Compare And Contrast Hamlet And Martin Luther

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Hamlet’s and Martin Luther’s relationships with their families play a fundamental significance in their lives. Both protagonists present a mixed feeling of resentment and love toward their mothers, and show strong devotions to their fathers. Hamlet shows strong disgust towards his mom’s marriage to Claudius, and believes his mom has betrayed his father and broken their marriage vows (Hibbard 279). Moreover, he thinks his mom is weak and lustful, as she is eager to get into bed with Claudius (Hibbard 282). However, even though Hamlet portrayed abomination towards his mom, he still loves her as a son. Throughout the play, Hamlet struggles with his revenge and shows much hesitation for a character; however, in the last scene of the play when…show more content…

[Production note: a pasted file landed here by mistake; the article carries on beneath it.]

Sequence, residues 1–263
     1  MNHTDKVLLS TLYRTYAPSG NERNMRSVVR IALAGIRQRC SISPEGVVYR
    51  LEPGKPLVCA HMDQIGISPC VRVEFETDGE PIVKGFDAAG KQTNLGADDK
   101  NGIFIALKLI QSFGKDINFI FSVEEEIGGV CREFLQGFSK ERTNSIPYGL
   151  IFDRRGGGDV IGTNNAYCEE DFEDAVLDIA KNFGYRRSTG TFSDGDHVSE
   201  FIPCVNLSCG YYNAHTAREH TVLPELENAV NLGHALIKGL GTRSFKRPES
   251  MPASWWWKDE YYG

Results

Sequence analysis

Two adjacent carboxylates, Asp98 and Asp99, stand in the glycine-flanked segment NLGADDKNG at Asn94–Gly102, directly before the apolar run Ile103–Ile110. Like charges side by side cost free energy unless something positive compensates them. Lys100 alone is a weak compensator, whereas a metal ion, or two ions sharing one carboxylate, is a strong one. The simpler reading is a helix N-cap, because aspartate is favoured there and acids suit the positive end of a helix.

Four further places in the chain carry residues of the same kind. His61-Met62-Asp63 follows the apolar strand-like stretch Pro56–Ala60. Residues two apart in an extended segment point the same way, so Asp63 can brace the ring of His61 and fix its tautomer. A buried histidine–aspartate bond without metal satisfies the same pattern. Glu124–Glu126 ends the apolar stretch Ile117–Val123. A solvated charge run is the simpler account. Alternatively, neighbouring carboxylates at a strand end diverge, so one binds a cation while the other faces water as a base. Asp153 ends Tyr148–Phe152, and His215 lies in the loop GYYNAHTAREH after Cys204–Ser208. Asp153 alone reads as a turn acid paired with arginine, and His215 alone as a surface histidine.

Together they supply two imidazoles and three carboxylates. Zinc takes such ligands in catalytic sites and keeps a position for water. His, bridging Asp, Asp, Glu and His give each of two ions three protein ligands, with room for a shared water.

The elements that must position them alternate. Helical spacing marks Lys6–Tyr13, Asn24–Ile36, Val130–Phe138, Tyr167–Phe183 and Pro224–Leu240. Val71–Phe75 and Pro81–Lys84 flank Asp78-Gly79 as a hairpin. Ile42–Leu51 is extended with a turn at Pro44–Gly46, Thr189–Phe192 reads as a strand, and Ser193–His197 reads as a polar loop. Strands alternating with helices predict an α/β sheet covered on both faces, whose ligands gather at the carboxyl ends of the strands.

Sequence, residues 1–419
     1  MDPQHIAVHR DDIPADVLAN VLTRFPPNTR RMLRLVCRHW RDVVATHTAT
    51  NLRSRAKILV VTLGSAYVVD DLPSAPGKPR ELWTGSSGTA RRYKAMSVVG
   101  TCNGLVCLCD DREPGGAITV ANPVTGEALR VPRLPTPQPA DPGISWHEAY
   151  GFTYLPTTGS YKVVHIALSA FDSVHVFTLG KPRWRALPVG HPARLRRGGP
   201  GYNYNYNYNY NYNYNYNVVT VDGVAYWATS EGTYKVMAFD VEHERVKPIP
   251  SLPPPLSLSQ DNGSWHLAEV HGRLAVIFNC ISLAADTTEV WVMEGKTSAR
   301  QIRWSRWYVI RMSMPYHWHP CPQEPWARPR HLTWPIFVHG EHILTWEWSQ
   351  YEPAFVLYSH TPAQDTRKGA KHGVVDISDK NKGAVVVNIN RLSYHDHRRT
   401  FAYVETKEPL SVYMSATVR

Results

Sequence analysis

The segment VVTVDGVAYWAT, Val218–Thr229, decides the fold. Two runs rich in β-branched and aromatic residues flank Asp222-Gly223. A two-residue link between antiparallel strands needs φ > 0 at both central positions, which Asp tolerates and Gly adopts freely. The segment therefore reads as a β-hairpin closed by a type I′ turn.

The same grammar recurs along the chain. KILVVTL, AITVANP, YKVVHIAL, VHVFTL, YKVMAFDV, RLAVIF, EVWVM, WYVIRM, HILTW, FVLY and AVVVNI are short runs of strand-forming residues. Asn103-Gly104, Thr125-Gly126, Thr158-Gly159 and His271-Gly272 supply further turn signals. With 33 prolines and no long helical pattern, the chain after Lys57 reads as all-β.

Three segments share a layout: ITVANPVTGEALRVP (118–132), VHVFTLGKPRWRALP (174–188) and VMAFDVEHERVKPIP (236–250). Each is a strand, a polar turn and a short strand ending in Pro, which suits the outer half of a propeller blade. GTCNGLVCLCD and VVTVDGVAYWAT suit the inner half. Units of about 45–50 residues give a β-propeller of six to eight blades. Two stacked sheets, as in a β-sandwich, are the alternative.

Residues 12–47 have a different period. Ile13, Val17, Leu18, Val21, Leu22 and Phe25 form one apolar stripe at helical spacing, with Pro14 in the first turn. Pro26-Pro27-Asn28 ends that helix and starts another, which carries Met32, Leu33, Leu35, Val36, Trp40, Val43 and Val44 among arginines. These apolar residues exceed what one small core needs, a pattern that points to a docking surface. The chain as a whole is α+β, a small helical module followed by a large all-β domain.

Hamlet was spiritually and mentally ill while Luther was spiritually and physically ill. Luther suffered from mental and emotional instabilities, like depression and scrupulosity throughout his life (Judd 324). Moreover, he was affected by frequent mood swings and his bipolar disorder in which he suffered from periods of exaltation and depression (Bainton 12). He worried about the afterlife and the idea of death, and believed nothing could save his soul (Bainton 18). He recalls his days in the monastery the main reason that caused him to experience psychological and emotional instability due to the distorted religious practice (Judd 326). After his first year in the monastery, anxiety, the felling of despair and guilt soon overwhelmed him (Judd 326). Therefore, he turned to his religious leaders, the sacraments of his church, and the doctrines of his own religions for help to control the guilt he was feeling. However, they did not help at all. In addition, during the years at the monastery, he was obsessed with the practice of fasting from food and drink to worship God. As a result, such practice destroyed his body, and he later on stated that such action would simply ruin one’s heath and drive one to madness (Judd 326). Moreover, after his hearing at the Worms, he was lonely, physically ill, and constipated. He also suffered from extreme insomnia and depression (Bainton 191-192). Additionally, in 1527, he was wrestling with the “self-reproach of being still alive”, and he found himself as being not worthy. As a result, he once again struggled with depression as he was losing the faith that “God is good and that he is good to me”
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